Ok, so this was a book I was reluctant to start, but we were reading it for book group. So two days before I opened it up. I knew the general story about Gregory Boyle's work with the inner city gangs of Los Angeles, and how he started Homeboy Industries . . . but wow. I can't even explain how much this book affected me. Not because of the horrible lives of the gang members, and even when they tried to get out, oftentimes they ended up dead anyway. But because of the many lessons and examples of compassion and true humanity that was shown by Boyle and others who ministered to these kids. And how Boyle never gave up, never judged. He just continued in his ministry to the poor, the needy, the afflicted, the fatherless, and the homeless. So many of the stories are unforgettable. I've never been to law school, but I think TATTOOS should be required reading for every judge, prosecutor, defense attorney, and police officer.

  • Tim Eby-mckenzie
    2019-06-22 15:21

    Quite possibly the most powerful book I have read to date. I spent late night reflection time reading this book over a period of months, just soaking it in. I found myself unable to resist tears quite often, so moved by the compassion and wisdom reflected in the stories "G-dog" relates. The grace communicated so expansively through Father Greg's exposition of the "Narrow Gate" completely changed my perspective on Matthew's gospel. Before, I just hoped I might be able to squeeze in by the skin of my teeth. Now, I want nothing less than to dive through it head-first. This book causes me to want to be a better man. Unlike so many other terrific books that have moved me in my gut, this book has grasped the sinews of my own heart and has moved me to take action. That's the power of the gospel truly spoken. In my own rascally way, I look forward to daily walk into a wider jurisdiction of delight in and kinship with my fellow souls. May we all find our worth.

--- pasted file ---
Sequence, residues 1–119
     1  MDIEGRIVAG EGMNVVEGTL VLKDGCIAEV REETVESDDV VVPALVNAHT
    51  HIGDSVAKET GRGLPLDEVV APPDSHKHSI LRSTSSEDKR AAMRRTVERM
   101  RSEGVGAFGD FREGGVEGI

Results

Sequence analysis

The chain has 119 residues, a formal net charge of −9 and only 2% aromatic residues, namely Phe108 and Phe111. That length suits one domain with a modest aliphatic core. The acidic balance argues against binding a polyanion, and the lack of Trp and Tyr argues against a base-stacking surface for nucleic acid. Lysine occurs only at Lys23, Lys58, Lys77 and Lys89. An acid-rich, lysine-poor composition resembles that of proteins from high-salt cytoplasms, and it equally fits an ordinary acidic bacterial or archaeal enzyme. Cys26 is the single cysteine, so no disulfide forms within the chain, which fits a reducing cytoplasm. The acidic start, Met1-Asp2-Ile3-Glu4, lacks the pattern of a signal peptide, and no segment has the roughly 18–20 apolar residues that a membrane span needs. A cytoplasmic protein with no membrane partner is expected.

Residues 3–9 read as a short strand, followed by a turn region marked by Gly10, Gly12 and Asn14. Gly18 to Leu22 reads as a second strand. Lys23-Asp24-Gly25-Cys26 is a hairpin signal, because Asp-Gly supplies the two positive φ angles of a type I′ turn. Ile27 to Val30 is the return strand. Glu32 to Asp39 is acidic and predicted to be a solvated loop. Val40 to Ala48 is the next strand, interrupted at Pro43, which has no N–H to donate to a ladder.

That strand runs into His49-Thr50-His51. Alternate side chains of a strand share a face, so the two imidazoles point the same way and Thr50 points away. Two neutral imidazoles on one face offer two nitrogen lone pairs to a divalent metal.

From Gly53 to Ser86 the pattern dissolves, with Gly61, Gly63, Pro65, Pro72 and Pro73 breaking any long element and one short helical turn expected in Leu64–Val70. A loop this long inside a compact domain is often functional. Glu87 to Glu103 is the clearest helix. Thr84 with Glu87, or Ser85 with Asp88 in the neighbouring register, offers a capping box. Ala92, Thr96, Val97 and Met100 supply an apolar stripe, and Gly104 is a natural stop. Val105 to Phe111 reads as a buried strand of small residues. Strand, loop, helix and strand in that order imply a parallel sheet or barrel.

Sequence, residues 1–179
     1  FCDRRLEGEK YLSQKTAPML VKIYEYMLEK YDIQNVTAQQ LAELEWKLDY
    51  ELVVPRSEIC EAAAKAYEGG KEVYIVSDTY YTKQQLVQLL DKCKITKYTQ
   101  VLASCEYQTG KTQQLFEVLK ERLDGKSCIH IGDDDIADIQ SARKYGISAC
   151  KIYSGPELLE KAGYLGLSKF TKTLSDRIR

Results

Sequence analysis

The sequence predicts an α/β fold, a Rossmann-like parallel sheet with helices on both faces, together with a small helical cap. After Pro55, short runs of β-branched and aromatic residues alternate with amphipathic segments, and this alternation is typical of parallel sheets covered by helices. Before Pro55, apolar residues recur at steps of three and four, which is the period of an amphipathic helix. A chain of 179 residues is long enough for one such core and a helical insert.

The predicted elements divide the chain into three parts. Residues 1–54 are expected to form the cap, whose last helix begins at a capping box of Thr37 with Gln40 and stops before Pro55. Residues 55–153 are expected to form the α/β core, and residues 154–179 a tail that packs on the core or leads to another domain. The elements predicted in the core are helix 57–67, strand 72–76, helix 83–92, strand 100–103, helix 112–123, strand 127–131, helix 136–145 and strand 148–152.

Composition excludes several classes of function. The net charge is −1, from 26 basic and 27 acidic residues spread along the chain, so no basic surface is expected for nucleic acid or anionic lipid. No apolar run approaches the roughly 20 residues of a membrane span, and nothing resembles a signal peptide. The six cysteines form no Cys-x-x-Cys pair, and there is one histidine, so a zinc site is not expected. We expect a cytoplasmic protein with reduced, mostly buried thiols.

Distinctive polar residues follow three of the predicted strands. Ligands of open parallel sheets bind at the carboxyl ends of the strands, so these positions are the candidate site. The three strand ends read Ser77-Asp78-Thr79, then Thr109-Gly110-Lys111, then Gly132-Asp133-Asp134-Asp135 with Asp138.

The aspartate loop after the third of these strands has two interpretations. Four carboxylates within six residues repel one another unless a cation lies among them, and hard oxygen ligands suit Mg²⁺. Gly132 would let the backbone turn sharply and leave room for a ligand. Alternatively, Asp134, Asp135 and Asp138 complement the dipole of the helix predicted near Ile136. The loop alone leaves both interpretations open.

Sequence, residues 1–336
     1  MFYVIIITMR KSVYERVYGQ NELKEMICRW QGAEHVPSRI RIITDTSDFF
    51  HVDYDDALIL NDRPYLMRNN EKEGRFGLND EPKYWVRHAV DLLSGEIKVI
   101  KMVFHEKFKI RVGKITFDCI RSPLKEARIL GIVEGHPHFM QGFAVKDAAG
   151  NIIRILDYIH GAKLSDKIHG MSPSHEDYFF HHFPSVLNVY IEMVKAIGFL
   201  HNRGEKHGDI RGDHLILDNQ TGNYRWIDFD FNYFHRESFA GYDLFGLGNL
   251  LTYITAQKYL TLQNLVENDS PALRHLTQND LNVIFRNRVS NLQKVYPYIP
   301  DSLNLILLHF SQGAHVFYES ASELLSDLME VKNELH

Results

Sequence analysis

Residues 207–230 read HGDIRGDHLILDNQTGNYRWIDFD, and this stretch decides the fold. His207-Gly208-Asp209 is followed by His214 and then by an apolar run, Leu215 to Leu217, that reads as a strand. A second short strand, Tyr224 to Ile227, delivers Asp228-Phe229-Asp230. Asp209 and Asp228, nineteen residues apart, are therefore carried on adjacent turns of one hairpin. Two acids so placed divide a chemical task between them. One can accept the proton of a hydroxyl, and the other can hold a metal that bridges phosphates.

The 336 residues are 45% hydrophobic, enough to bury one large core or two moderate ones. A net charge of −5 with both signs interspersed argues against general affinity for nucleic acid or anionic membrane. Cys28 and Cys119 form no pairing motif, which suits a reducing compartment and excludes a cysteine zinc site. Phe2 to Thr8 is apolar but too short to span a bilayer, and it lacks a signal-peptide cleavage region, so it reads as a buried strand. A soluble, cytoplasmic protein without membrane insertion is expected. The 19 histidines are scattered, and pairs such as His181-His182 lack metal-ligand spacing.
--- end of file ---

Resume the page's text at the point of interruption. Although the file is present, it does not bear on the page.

• Barbara
    2019-06-18 13:27

    I heard Father Boyle interviewed on NPR a few months ago and was inspired by his work. He is a Jesuit priest who founded Homeboy Industries in LA in 1988. Homeboy Industries helps former gang members redirect their lives and become contributing members of their families and community by offering training, job skills and much more. Tattoos on the Heart is a collection of anecdotes of Father Boyle's work which are compassionate, inspirational, thought-provoking, funny, tragic and unforgettable. His main message to readers is that these former gang members, outliers of society, need love and to know that they have personal worth and value. He also stresses the importance of kinship, "Kinship-not serving the other, but being one with the other. Jesus was not 'a man for others'; he was one with them". Although there is a strong religious tone to the book the messages are universal and readers of all religions (and even non-believers like myself) can relate.

  • Brennan
    2019-06-08 16:48

    It is difficult to put into words how deeply moved I was by the message of this book. Gregory Boyle is a Catholic priest who ministers to the youth in Los Angeles probation camps and juvenile detention centers. In an effort to combat gang related violence, he founded Homeboy Industries - an organization that provides jobs and meaningful work for youth affected by gangs. What he has done -- and what the countless number of youth have done in response -- is as inspiring as any thing I know. His stories are full of heartbreak, hope, sorrow, joy, unconsolable loss, and transformative consolation. Ultimately the book shows time and time again how the power of compassion can transform the life of another. By truly loving others free of conditions, they can discover the worth to their soul -- especially when they have never known it because so many people have never believed in them or have given up on them. There is boundless power in compassion and love - they transcends all other attributes and virtues - they are the keys to helping others realize that they matter, that their life has purpose, and that they are loved for who they are, not for what they do. This is a book I know I will read again. And I will probably read again that.